St. Matthew Island (60° 24′ N, 172° 42′ W) and its small nearby satellites, Hall Island and Pinnacle Rock, are isolated in the northcentral Bering Sea. This infrequently visited location occupies a geographic position with a deep Bering Land Bridge history and is in an area of interdigitation of the Old World, New World, and Beringian avifaunas. It is known for its three Beringian endemics, a bird (McKay’s Bunting, Plectrophenax hyperboreus), a small mammal, and a plant. This level of endemism is striking for a high-latitude island. The only previous summary of the avifauna of St. Matthew island (Hanna 1917) included 37 species. Our report considers more than 125 species and synthesizes data on presence and absence, abundance, and phenology. Because visits have been infrequent and concentrated during summer, our understanding of migration in this region remains poor, but the area is clearly affected by both the Old and New world migration systems. There is sufficient evidence to show that some profound changes among the island’s breeding birds have occurred during the past century. In particular, the breeding range of Glaucous-winged Gulls (Larus glaucescens) has been extended north to include St. Matthew, a change that is correlated with a northward shift in the extent of sea ice (Maslanik et al. 1996). King and Common eiders (Somateria spectabilis and S. mollissima) also have shown substantial changes in summer abundance. Other changes in the summer avifauna (e.g., among shorebirds) may reflect the dynamics of edge-of-range phenomena. Because of its central position in a region undergoing profound climate change and its demonstrated track record in showing avifaunal shifts, St. Matthew Island may represent an important bellwether for monitoring the biological effects of further climate change in the northern Bering Sea.
Many animals advertise the presence of a predator threat through vocal signals. Black-capped Chickadees (Poecile atricapilla) use their chick-a-dee call as a mobbing call when encountering a perched hawk or owl. This social signal appears to serve as an alert to other chickadees, causing them to rally to the vicinity of the predator and join in a chorus of calling. We asked the question: do chickadees vary the mobbing call in a manner that could convey the immediacy of threat from a potential predator? We examined the responses of chickadees to a taxidermic mount of an avian predator presented at distances of 1 m and 6 m from each subject. Vocal responses were recorded and analyzed for response latency, calling rate, and syllable composition of calls. During 5-min trials, the subjects responded more quickly and produced significantly more chick-a-dee calls for predator presentations at the 1-m distance than at the 6-m distance. Alterations of syllable composition of the call also were observed under the two treatments. These results suggest that information about the immediacy of threat or proximity of a predator may be signaled by alteration of the rate of calling, with possible additional information contained in proportional changes in the different syllable types of the call. Studies of referential (symbolic) communication in birds and mammals often have failed to consider the problem of response urgency separately from predator-type labeling in vocal signal design.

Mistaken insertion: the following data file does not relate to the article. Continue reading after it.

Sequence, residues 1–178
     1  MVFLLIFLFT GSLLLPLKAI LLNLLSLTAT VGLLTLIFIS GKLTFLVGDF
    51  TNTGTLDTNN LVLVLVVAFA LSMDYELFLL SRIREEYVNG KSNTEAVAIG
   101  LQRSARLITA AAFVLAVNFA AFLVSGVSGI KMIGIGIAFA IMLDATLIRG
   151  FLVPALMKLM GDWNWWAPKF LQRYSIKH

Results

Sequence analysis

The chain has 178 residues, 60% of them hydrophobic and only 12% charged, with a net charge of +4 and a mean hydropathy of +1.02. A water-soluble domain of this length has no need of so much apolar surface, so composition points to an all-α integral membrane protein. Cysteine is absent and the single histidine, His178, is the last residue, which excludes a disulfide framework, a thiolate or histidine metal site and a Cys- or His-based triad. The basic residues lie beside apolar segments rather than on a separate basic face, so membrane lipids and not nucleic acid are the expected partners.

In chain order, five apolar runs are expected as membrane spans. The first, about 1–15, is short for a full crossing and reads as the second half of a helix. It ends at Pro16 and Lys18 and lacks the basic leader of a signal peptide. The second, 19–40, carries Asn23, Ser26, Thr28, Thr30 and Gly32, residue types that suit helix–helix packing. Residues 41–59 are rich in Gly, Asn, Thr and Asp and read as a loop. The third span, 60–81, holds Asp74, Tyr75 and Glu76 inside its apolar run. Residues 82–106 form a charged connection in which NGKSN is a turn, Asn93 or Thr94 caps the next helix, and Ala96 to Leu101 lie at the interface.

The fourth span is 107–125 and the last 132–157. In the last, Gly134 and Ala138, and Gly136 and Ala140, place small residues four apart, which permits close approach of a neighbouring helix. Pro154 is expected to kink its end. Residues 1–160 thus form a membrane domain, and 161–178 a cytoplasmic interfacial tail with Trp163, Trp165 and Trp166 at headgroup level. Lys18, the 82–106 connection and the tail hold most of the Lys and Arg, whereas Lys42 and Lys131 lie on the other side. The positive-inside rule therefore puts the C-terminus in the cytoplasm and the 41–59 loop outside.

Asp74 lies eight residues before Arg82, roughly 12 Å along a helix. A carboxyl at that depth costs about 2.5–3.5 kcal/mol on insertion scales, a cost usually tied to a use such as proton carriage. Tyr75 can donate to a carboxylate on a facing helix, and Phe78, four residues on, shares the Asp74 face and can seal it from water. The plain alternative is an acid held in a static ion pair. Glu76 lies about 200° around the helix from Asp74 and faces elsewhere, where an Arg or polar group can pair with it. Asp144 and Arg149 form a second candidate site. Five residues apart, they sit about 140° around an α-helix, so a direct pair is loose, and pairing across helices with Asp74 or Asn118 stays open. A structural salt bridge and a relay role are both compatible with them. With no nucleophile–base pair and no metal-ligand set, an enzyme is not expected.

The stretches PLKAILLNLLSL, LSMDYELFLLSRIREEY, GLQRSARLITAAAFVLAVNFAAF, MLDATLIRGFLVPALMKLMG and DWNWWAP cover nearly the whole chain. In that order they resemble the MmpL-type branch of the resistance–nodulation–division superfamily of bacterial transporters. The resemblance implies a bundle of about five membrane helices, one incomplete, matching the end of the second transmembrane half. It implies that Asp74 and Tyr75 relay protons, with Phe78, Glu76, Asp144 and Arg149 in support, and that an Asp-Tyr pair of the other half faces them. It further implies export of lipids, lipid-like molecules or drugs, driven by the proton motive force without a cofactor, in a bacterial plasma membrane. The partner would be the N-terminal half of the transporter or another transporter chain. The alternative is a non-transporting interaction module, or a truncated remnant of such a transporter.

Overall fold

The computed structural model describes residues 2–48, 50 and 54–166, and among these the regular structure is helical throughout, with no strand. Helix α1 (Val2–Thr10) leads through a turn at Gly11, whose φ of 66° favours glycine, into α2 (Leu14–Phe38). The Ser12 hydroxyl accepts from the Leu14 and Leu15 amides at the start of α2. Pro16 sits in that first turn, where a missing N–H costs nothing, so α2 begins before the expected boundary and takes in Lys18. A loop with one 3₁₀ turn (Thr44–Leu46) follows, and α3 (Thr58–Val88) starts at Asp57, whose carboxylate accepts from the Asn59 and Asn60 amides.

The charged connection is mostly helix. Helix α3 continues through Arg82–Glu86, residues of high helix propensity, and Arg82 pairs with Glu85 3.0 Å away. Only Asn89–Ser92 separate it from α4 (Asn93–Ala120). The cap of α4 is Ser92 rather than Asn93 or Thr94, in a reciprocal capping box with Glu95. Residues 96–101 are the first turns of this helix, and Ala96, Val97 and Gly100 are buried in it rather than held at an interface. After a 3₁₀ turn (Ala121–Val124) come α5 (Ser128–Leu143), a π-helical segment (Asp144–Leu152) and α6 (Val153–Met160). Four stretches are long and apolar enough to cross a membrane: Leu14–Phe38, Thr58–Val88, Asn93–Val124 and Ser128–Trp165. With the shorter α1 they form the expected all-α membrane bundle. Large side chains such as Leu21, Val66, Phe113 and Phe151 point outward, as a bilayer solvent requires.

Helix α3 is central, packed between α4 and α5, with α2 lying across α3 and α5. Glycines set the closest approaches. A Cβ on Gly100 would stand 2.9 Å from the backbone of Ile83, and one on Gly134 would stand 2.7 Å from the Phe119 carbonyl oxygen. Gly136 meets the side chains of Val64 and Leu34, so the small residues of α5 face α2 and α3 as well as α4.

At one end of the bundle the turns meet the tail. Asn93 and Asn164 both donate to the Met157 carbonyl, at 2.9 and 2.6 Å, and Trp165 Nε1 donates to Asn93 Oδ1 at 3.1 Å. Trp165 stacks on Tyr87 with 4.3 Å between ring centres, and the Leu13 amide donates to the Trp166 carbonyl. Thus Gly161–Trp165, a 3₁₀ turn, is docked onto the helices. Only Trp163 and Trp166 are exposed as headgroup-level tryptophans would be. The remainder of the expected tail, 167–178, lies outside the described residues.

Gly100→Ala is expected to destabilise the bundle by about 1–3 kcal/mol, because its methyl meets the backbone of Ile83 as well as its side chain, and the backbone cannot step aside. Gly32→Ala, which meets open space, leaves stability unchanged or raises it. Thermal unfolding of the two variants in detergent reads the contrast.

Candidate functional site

I describe the nest, egg, and nesting behavior of the Snowy Cotinga (Carpodectes nitidus) in La Selva Biological Station, Costa Rica. The nest was placed 7.5 m high on a fork formed by four branches of a leafless tree. The nest was a simple platform made of dry tendrils and lichens. It contained a single large egg, which took at least 27 days to hatch. The nest and chick were predated the day after hatching. Both nest and egg characteristics resemble those of other cotinga species.
Very little demographic data is available for rocky intertidal shorebirds, including the long-lived Black Oystercatcher (Haematopus bachmani). In this paper we report on Black Oystercatcher chick production from 1992 to 2000, age of first breeding and natal philopatry in Laskeek Bay, Queen Charlotte Islands, British Columbia. Five percent of birds banded as half-grown chicks returned to breed in the same area. Known-age birds were 5 years old when first found breeding. This constitutes the first published evidence of natal philopatry for this species.
We report observations of Ring-necked Pheasants (Phasianus colchicus) parasitizing Lesser Prairie-Chicken (Tympanuchus pallidicinctus) nests in native sand sagebrush (Artemisia filifolia) rangeland in southwestern Kansas. We found low incidence of interspecific nest parasitism as only 3 of 75 prairie-chicken nests were parasitized. Two of the three parasitized clutches hatched, but no Ring-necked Pheasant chicks were known to have survived.
We report the Turquoise-browed Motmot (Eumomota superciliosa) feeding in the evening on insects attracted to artificial lights. This behavior has been observed in few diurnal bird species, and has not been reported previously for the family Momotidae. Although more than one motmot engaged in this behavior at one site in El Salvador, and feeding success appeared favorable, we have not observed the behavior at other sites in El Salvador, suggesting that the behavior has not spread through the population.
We report Fan-tailed Warblers (Euthlypis lachrymosa) foraging in association with the nine-banded armadillo (Dasypus novemcinctus) in El Imposible National Park, El Salvador. Although the warbler is known to forage opportunistically at ant swarms, this is the first report of commensal feeding with a mammal.
Ospreys (Pandion haliaetus) over much of Montana incorporate large amounts of bailing twine in their nests and active nestlings sometimes become entangled and perish. We observed 12 occurrences of entanglement in 260 nests during three years of study. Disposing of the twine or cutting the twine into smaller pieces when removing it from hay bales could reduce or eliminate the problem.